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7

This kind of metonymy is very common in Latin. For a simple example, vir mortuus is literally "a dead man" but can also mean "the death of a man". This is somewhat similar to how summus mons can be "the highest mountain" and "the peak (= the highest part of a mountain)". The point is that reading very literally can ...


7

The ea (= eā) modifies causa, using the very common adjective–preposition–object of preposition arrangement: 'for this reason.' The forte is from the noun fors, 'chance' (not the adjective fortis, 'strong, brave'); so the ablative/adverbial form means 'by chance.'


3

Yes, this does indeed appear to be a partitive genitive. Changing the word order as you suggest is legitimate if it helps you. I think it is most useful in its original place where una and sine alia are next to each other. I like analyzing things sequentially, so let us start with the whole sentence. To clarify the role of the relative clause, I will add ...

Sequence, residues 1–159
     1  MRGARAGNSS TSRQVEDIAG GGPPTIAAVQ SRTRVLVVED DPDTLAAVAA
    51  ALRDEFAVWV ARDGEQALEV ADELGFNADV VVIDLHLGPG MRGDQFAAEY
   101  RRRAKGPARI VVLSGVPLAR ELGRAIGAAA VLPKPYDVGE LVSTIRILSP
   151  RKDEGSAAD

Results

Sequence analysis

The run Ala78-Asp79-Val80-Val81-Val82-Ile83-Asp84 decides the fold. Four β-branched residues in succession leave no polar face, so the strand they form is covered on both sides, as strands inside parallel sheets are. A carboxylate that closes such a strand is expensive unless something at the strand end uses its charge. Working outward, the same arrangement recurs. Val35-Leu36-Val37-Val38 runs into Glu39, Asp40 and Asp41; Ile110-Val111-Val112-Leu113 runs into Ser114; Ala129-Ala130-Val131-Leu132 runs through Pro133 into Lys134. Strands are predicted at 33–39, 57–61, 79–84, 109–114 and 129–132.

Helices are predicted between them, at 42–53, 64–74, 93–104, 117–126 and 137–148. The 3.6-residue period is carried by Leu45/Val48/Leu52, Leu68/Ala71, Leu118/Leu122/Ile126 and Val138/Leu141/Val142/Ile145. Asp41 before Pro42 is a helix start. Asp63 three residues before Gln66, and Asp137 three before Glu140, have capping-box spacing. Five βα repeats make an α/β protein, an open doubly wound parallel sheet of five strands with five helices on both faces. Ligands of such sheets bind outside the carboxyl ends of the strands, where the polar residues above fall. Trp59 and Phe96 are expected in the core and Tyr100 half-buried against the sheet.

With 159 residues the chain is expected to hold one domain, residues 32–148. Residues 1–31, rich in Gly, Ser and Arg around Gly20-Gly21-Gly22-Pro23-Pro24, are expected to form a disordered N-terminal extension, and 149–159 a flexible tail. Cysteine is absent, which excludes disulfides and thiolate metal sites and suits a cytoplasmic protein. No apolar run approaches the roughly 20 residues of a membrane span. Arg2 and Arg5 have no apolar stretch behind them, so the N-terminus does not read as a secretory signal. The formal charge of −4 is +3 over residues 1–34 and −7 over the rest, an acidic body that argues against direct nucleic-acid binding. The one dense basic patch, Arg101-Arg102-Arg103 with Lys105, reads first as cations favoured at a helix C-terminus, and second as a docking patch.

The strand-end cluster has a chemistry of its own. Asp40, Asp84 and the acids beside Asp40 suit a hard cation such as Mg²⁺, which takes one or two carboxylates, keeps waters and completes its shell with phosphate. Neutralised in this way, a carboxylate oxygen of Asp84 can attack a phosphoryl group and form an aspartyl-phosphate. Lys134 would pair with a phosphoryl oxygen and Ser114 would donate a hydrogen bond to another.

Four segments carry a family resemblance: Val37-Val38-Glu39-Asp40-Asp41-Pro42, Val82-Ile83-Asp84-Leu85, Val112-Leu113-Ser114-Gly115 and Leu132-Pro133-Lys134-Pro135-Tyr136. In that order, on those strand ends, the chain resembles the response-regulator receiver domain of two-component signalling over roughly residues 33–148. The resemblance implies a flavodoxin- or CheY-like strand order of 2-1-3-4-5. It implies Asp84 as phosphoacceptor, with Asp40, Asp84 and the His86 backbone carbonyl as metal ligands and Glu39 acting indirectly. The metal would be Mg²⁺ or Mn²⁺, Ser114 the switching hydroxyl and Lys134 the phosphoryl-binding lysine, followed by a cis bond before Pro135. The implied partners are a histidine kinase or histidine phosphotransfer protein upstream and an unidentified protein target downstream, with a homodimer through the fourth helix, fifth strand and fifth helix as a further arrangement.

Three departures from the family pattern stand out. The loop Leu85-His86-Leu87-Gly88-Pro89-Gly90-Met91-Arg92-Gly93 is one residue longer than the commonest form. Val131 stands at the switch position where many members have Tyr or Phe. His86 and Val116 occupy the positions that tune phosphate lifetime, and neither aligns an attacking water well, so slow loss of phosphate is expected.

3

Literally, '...they do nothing different than if someone... (makes the other conclusion about a circle)' Or, to translate a bit more loosely, '...what they do is no different than what some other person does if he/she... (makes the other conclusion)' Or '...they act no differently than if some other person... (makes the other conclusion)' The adjective ...


1

1 - I don't think Latin makes much of a distinction between substantia est corporea and est substantia corporea. In either case, I think you'll need to rely on context to determine which English translation to use. 2 - Eatenus is the correlative to quatenus. Both translations use "insofar as" to translate quatenus. It seems to me that there is nothing wrong ...


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